By this point, the Nationals' emphasis on defense has been discussed over and over, and after the first month of the season, it was becoming trite.
The team was still at the top of the National League in errors, and without Ryan Zimmerman, its offense was struggling to score enough runs. Josh Willingham and Adam Dunn - the two bats the Nationals subtracted from their lineup in an effort to get better defensively - got off to poor starts with their new teams, but their absence seemed to be a constant reminder to fans of what the team gave up for a defense that wasn't playing much better than it had in the past.
Since the start of May, though, the Nationals have started to reap the benefits of their defense-first approach. They've only made one error this month - a throwing mistake by shortstop Ian Desmond on May 4 in Philadelphia - and that accounted for the only unearned run they've allowed. And despite being outscored by eight runs this month, the Nationals are 5-4.
They still haven't made a big jump in statistical categories because of the 22 errors they made in March and April, but they've at least moved up to 10th in the National League in fielding percentage and UZR.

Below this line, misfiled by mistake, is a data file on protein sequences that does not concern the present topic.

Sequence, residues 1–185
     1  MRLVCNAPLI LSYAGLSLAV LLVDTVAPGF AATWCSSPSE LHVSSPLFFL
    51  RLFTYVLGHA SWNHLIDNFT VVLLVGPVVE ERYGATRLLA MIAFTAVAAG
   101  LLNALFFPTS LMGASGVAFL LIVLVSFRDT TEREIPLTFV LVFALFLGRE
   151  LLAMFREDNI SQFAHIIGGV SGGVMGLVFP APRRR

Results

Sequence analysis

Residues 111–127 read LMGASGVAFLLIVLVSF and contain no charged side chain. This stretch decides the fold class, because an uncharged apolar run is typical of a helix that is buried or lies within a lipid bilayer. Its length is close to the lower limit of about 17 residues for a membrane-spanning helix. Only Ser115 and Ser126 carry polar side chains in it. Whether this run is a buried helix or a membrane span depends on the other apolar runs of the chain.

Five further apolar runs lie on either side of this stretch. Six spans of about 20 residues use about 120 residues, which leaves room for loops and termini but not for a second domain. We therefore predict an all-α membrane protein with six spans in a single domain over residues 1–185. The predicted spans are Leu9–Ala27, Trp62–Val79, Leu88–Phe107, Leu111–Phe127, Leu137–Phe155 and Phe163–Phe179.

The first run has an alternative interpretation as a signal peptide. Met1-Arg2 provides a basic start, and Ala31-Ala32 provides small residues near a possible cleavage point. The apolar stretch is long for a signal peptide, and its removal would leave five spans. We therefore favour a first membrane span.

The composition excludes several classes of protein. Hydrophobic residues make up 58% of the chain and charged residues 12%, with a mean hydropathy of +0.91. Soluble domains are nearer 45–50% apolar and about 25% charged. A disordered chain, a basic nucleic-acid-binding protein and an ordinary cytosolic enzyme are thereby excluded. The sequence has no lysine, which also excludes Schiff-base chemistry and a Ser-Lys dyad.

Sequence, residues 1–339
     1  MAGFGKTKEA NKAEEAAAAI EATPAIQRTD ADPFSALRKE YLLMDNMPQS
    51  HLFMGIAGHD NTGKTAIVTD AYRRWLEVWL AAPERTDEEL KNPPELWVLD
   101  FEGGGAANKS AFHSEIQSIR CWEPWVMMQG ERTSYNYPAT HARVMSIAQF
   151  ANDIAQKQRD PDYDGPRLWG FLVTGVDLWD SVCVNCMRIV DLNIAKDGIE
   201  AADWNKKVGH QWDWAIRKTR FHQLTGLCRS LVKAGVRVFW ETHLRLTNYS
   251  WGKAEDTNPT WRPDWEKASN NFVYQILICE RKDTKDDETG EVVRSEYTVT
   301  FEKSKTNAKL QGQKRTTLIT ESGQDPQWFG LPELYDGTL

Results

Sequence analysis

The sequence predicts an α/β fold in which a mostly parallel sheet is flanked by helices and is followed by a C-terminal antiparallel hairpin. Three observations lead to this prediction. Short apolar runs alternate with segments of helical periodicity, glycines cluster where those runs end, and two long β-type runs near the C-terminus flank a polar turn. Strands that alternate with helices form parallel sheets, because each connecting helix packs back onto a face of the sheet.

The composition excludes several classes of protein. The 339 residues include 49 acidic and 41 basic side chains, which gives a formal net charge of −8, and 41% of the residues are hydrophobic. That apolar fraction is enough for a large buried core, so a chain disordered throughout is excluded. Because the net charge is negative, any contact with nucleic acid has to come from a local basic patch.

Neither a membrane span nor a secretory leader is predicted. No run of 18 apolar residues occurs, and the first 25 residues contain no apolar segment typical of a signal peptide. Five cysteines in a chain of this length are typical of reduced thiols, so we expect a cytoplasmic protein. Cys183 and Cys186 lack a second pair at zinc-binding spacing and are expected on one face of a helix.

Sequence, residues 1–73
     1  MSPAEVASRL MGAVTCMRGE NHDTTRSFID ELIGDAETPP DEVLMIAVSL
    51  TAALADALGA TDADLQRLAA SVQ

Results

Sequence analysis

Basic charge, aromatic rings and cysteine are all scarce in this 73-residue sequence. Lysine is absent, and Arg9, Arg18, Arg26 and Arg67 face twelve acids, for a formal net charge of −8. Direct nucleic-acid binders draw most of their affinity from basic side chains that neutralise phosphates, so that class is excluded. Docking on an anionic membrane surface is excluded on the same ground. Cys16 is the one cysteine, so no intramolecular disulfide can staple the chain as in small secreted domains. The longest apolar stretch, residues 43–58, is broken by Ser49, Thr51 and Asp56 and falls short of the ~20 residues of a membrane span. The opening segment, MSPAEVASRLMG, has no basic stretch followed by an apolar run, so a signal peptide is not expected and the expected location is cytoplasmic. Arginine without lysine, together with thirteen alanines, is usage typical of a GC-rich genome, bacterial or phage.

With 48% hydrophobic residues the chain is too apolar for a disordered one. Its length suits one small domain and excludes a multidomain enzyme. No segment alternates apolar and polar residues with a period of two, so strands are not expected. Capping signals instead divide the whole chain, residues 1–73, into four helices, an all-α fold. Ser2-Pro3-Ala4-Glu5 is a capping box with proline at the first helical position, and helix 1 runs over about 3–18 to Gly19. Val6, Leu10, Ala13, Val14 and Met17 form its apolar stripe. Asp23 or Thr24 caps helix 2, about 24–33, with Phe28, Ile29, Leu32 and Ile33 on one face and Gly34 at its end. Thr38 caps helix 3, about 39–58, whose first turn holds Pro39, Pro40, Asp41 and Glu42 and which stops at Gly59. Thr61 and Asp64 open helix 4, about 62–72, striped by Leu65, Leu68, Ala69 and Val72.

Fox Sports' Ken Rosenthal wrote last week that Desmond has been working with former major league manager Larry Bowa, who's drilling the shortstop on the importance of charging ground balls, rather than waiting on them and rushing a throw. And since he came back from paternity leave at the end of April, Desmond has seemed smoother and more confident at short. He's got the range to be a top-end shortstop, but his mistakes on routine plays have always hurt him. If he's getting beyond those, the Nationals might have the makings of an elite defensive middle infield with Desmond and Danny Espinosa.
For all their improvements defensively, the Nationals still need to score more runs; they've totaled 30 in nine games this month, and that was with seven (four of them unearned) against the Braves last night. They're still getting by on a pitching staff that's probably performing over its head.
But if they're truly on the way to cleaning up their defensive mistakes, they'll have removed a significant obstacle to their new approach working.